Investment Banker: What They Are & Why You Should Use One

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Investment Banker: What They Are & Why You Should Use One

Just like real estate brokers, investment bankers (IBs) bring buyers to sellers. IBs typically work on commission-based fee structure, incentivizing them to see the sale through to completion. They’re an invaluable tool to owners contemplating a sale. Here’s what you need to know about selecting the right investment banker for your needs.

Understanding Investment Bankers

Most buyers who hire investment bankers never purchase a business, so advisors may be hesitant to work with new clients. The key is to demonstrate commitment. If you change your mind, you need to let the advisor know immediately. It’s equally important to give the investment banker feedback if you feel they are not adequately addressing your needs.

It’s important to note that the wrong investment banker can do significantly more harm than good. They waste time, send you looking for the wrong businesses, and may even try to work both parties. IBs who represent both sides may have conflicts of interest that make them less honest. This is why it’s important to have an investment banker looking out for you, and to work diligently to control the negotiation process.

How an Investment Banker Can Help

Investment Bankers offer you listings and details on businesses that are available, including those you might not discover on your own. They can also help the negotiation process along by communicating with the seller and playing the role of “bad cop.” This helps you keep the relationship intact, and prevents stress as you move toward closing.

Where to Find an Investment Banker and How to Hire One

Before hiring an investment banker, meet with the owner or partner of the firm. Talk openly about your goals and experience, and ask them to suggest an advisor who will be a good fit. Then contact the investment banker on your own to set up a meeting. Trust your gut, and agree only to hire someone you trust.

It’s also helpful to ask lawyers, friends, family, business associates, and accountants for recommendations. They know the business, and can give you feedback on your candidates, as well as potential candidates to add to the pool of consideration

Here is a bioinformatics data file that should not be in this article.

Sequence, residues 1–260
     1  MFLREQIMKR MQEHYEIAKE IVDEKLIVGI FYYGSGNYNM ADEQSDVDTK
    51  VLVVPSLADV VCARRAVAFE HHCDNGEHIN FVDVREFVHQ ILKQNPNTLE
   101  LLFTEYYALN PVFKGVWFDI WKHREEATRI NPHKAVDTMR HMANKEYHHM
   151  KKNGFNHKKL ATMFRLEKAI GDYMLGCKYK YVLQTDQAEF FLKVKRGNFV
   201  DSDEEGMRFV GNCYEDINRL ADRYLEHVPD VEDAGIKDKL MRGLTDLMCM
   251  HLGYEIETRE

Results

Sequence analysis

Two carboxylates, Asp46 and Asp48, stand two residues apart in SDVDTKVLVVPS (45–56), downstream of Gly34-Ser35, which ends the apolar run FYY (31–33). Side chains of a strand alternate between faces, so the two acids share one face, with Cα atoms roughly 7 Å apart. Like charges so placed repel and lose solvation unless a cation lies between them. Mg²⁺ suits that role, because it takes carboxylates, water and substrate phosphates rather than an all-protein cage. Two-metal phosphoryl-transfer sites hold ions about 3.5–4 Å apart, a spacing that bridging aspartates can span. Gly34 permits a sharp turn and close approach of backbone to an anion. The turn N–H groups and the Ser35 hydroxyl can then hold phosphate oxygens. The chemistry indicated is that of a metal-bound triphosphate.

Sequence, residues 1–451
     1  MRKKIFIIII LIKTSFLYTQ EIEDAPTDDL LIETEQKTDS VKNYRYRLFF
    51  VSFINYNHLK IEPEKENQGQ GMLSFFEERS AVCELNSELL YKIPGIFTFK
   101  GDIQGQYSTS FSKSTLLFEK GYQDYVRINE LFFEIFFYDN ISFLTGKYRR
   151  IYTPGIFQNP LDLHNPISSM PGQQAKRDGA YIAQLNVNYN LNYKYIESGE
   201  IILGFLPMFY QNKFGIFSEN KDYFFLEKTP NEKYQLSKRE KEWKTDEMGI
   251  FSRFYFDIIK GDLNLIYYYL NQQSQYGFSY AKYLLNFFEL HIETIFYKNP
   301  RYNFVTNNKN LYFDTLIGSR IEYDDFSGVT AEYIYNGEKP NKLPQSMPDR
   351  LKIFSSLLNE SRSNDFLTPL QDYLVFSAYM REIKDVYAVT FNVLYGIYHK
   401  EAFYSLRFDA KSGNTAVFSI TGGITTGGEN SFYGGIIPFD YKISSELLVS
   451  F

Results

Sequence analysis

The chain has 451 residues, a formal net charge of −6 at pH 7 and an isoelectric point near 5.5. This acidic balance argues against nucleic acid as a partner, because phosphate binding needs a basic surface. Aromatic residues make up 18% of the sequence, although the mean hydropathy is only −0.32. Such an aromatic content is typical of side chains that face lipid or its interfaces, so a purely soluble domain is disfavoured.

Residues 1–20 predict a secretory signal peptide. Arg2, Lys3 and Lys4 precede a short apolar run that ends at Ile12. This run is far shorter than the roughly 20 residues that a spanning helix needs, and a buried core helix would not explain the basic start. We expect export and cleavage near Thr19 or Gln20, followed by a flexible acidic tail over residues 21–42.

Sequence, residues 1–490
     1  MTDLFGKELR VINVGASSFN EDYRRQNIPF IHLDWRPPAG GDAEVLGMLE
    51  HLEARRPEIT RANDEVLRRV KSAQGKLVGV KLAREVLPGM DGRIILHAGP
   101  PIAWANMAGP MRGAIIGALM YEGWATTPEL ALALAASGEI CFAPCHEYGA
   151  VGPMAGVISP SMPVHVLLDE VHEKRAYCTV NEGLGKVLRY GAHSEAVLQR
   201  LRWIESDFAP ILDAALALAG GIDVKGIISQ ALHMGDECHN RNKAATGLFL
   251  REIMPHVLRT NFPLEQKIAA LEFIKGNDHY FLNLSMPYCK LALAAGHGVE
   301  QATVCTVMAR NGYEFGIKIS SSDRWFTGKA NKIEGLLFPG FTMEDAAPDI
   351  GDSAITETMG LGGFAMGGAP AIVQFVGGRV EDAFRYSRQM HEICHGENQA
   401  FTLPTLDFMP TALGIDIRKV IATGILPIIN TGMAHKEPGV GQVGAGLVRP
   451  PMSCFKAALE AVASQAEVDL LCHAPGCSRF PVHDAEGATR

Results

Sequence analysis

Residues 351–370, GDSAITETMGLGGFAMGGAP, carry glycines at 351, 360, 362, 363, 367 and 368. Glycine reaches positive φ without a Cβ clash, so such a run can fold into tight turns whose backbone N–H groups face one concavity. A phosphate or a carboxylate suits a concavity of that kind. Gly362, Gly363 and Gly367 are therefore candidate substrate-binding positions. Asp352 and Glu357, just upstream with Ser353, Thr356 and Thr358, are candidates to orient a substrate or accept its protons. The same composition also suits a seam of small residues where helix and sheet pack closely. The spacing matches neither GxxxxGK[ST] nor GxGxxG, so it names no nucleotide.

Ask for and check references. Be sure to ask each reference if they would hire the investment banker again. The more details you seek, the better, since a reference will give more information—including negative information—in response to specific questions.


By Scott Bushkie

Scott Bushkie is Managing Partner and Founder of DealCoach.

With more than 20 years in the Mergers and Acquisitions (M&A) industry, Scott is a recognized leader in the field, providing exit strategies, business valuations, and M&A advisory services to business owners in the lower middle market. He has successfully executed sales to domestic and international buyers, private equity firms, family offices, and strategic buyers. Follow DealCoach on Linkedin

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About DealCoach

DealCoach is headquartered in Green Bay Wisconsin with an office in Milwaukee Wisconsin and helps customers find out how much their business is worth with online business valuations and advisory services. Our business valuations also known as an Estimate of Value (EOV), help prepare buyers and sellers for the sale.  DealCoach also helps business owners grow value with a Business and Market Analysis and plan for retirement, estate & financial planning, benchmarking, and strategic planning. DealCoach servers and has provided business valuations for businesses located in the United States and Canada. 

We are here to tell you what you need to hear in order to make a well-informed decision with most likely the largest financial transaction of your life. Our team has over two decades of M&A experience, and we have been completing Estimates of Value for our clients for over nine years.

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